« Last Edit: March 30, 2013, 03:03:02 pm by Radical21 »

Offline Stephen_Webb

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Re: What is WoDish fear?
« Reply #5 on: March 30, 2013, 11:11:54 pm »
Horror from a standpoint of emotional jolting is how it is best driven home - the unthinkable, the twisted, the unexpected - I think horror is best described not as agony, prolonged suffering, or grotesqueness, but rather from the anticipation of the unknown after one has experienced something truly shocking. I often relate to a story of being a child and for the very first time, having seen this present all nicely wrapped, and upon opening it...I saw a box, a rather colorful one with a clown on it...the excitement was palpable, I quickly open the box to see it had a crank to wind, and I wound it up...and wound it till it would wind no more...then a delightful song played...the common jack-in-the-box tune. Nice. Then BOOM! This monstrosity of a clown on a spring shot out and hit me in the face...nice huh? Well, to this day there is something eerie about that tune, the jack in the box one, and clowns, and ice cream trucks with clowns and the jack in the box tune...to me, the experience of shock and the unexpected totally shaking your world is what people remember for years...Good story tellers know how to jolt their players by always alluding to what might be around that next corner, what lies just beneath the surface - what is there? or what could be there? Being a vampire, means being afraid. Deathly afraid. The hunger as dutifully noted by Radical, has little to nothing to do with personal fear -our vampires are what they are because of a power far greater than they has made it so -- they can not explain it, it is unknown to them and as such, it is an eternity of living in fear, like impending doom hovering above them - they know that while they exist they are only wracking up points against themselves in the eyes of their tormentor - it is hard to exist like this, but they fear even more meeting that tormentor - final death in Sanguine Nights is not non-existence as it is in WoD, ashes to ashes went the way of the dodo bird, instead another eternity awaits...

Offline Valamyr

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Re: What is WoDish fear?
« Reply #6 on: March 31, 2013, 08:34:27 am »
Quote
- Grotesque / Disgust.
- BSDM or Rape.
- Mutilated organs and blood.

If none of these inspire you any fear, nervousness or adrenaline, I think you may be a bit too jaded to be find any video game scary. As Claudia pointed out, a ST has many tools in his arsenal, but only so many carry well to a sandbox WOD online game.

If we look at Bloodlines, which I thought was plenty scary and WODish, the most disturbing bits were based on things like that (disgusting Tzimisce creations, gory Pisha haven, etc) there was little sexual violence but bits implied it to good effect.

In the WOD, I expect this kind of theme and plot elements to be used again. There'll of course be one new aspect to consider; other players. If they follow through with their initial plans, they'll give us incentives to be wary of other players, and for a certain kind of player, this may be more effective than gore and screams.

Offline Radical21

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Re: What is WoDish fear?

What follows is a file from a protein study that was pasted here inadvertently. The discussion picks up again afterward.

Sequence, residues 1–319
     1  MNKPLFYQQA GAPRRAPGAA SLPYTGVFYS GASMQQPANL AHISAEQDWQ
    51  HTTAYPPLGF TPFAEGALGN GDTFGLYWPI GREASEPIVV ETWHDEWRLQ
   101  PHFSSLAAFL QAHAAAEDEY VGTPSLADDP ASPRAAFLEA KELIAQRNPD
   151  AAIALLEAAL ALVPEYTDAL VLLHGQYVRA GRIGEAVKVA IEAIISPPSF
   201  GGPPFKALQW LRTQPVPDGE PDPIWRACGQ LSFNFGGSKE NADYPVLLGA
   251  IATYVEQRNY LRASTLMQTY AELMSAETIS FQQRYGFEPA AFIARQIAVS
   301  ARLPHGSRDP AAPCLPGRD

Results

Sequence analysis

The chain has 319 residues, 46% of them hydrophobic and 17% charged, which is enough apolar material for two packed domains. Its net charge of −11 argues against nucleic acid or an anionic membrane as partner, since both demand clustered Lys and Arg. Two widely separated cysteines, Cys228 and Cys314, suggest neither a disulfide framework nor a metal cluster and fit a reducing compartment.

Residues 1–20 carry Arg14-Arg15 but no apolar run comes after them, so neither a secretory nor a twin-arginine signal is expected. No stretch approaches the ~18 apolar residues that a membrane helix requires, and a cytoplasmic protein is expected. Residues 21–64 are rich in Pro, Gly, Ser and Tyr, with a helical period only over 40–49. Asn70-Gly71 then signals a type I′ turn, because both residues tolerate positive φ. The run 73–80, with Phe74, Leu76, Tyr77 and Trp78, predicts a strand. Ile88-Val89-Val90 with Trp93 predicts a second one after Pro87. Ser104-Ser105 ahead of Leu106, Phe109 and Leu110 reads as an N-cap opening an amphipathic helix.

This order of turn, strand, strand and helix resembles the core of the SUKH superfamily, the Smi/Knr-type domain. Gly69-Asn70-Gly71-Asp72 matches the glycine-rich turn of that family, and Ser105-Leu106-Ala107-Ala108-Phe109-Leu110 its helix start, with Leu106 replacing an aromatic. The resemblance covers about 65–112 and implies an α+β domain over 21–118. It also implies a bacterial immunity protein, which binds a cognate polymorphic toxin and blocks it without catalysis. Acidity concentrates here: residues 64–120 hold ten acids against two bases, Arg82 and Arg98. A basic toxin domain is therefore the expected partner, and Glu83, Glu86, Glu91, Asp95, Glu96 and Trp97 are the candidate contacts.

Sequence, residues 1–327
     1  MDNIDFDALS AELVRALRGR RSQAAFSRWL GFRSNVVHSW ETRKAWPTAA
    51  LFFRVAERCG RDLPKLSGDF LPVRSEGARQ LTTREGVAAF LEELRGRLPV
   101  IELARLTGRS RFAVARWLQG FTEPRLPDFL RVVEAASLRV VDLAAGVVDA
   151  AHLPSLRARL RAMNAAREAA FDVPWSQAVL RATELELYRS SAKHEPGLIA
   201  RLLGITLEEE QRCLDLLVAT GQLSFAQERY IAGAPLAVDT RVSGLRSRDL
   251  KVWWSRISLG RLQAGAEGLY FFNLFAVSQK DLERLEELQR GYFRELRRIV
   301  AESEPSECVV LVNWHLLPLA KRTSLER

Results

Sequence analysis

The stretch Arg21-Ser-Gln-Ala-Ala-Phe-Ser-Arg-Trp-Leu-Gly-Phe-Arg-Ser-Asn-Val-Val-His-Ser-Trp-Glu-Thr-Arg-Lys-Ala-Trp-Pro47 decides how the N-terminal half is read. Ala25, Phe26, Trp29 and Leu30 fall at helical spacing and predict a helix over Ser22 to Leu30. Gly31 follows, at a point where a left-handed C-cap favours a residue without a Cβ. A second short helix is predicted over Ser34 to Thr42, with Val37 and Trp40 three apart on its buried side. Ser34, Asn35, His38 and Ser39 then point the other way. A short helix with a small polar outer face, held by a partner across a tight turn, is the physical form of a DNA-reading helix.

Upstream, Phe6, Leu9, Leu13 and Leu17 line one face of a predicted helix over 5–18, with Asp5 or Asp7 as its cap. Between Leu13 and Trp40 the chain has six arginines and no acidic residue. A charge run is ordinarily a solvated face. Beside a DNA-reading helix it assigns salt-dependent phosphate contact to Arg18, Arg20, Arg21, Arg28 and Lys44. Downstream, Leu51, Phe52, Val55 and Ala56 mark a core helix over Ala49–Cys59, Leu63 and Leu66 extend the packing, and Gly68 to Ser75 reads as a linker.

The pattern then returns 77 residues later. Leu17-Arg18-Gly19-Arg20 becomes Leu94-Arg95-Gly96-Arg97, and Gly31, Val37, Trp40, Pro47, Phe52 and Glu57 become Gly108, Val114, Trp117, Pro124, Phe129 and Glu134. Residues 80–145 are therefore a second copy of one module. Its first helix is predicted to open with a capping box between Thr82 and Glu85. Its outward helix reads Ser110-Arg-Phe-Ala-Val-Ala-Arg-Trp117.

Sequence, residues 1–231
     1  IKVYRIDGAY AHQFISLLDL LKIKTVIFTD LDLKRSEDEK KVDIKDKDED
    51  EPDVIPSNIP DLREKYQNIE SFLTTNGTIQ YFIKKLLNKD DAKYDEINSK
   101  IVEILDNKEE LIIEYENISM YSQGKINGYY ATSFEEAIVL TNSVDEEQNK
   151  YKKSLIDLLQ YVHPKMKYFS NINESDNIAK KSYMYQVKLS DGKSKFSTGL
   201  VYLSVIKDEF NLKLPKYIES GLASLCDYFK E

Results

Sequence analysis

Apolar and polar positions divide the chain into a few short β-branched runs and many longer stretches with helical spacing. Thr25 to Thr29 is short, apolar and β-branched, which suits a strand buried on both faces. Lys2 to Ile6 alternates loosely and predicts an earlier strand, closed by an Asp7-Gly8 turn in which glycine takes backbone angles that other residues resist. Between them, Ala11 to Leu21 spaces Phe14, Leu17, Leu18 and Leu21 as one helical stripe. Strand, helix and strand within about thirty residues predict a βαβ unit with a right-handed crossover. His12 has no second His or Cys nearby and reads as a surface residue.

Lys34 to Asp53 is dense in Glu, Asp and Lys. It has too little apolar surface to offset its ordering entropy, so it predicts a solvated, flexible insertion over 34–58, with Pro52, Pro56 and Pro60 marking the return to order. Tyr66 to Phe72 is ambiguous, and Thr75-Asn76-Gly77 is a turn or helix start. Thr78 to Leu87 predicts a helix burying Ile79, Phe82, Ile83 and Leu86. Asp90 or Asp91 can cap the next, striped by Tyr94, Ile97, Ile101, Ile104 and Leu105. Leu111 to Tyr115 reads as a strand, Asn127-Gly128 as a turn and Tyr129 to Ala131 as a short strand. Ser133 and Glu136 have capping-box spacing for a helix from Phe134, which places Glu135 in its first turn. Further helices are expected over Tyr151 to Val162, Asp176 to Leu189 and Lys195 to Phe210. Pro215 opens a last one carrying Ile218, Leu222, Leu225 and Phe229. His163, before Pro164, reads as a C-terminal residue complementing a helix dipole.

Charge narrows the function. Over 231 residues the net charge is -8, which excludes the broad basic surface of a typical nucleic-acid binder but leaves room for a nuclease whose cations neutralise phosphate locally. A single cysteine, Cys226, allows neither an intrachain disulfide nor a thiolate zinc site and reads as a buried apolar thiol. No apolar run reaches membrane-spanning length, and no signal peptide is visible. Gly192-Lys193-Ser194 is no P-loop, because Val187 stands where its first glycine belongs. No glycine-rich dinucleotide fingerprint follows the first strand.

« Reply #7 on: March 31, 2013, 04:30:10 pm »
Quote
- Grotesque / Disgust.
- BSDM or Rape.
- Mutilated organs and blood.

If none of these inspire you any fear, nervousness or adrenaline, I think you may be a bit too jaded to be find any video game scary.

Maybe I think of the above as more shocking than scary.
 but like Rick mentioned the Ocean house hotel was scary to me on the other hand.
Or going to the dentist where I don't know what will happen, maybe nothing, maybe a whole dreadful operation, maybe end up with metal in my teeth and followed by mercury poisoning and screwed up teeth etc, you never know.(though yeah when I list all possiblities and demystify it it is less scary)

Hopefully some designer is looking at this discussion and is getting more understanding and inspiration as well as the different Points of view players have.
« Last Edit: March 31, 2013, 05:17:38 pm by Radical21 »

Offline Rick Gentle

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Re: What is WoDish fear?
« Reply #8 on: April 01, 2013, 02:07:16 am »
Don't even f*cking TALK about going to the dentist, man.
We're talking about a storytelling game of personal horror, here, not REAL LIFE personal horror!

 :justabite:
Remember: It's not the size of your fangs that matters; it's what you stick them in.

Offline Radical21

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Re: What is WoDish fear?
« Reply #9 on: April 01, 2013, 02:19:18 am »
ya World of living darkness.
Having some hair on your shoulder is totally worth the healing factor when you think about this stuff.
« Last Edit: April 01, 2013, 02:23:42 am by Radical21 »

Offline Valamyr

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Re: What is WoDish fear?
« Reply #10 on: April 01, 2013, 09:17:42 am »
I briefly dated a dentist. Dental floss nazi. "The gums will stop bleeding if you do it twice a day everyday" she kept saying, as she drove her little stringy improvised torture device deeper into the skin.

Offline Claudia Vonigner

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Re: What is WoDish fear?
« Reply #11 on: April 02, 2013, 10:30:13 am »
That's only american dentists tho, in France it's not common or even positively recommended to floss >_<

But yeah scary shit that is.

Offline Radical21

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Re: What is WoDish fear?
« Reply #12 on: April 02, 2013, 11:40:17 am »
I briefly dated a dentist. Dental floss nazi. "The gums will stop bleeding if you do it twice a day everyday" she kept saying, as she drove her little stringy improvised torture device deeper into the skin.

She used to floss you? that is even more scary.(well not really but I can imagine being traumatized after a few times  :justabite:)
« Last Edit: April 02, 2013, 11:42:09 am by Radical21 »

Offline _username

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Re: What is WoDish fear?
« Reply #13 on: April 02, 2013, 06:58:29 pm »
She used to floss you? that is even more scary.(well not really but I can imagine being traumatized after a few times  :justabite:)

When I was a kid, I'm pretty sure I read a Goosebumps novel along those lines.  :chinscratch:
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Offline Rick Gentle

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Re: What is WoDish fear?
« Reply #14 on: April 02, 2013, 09:14:04 pm »
That would've been the scariest one R. L. Stine ever wrote.
Remember: It's not the size of your fangs that matters; it's what you stick them in.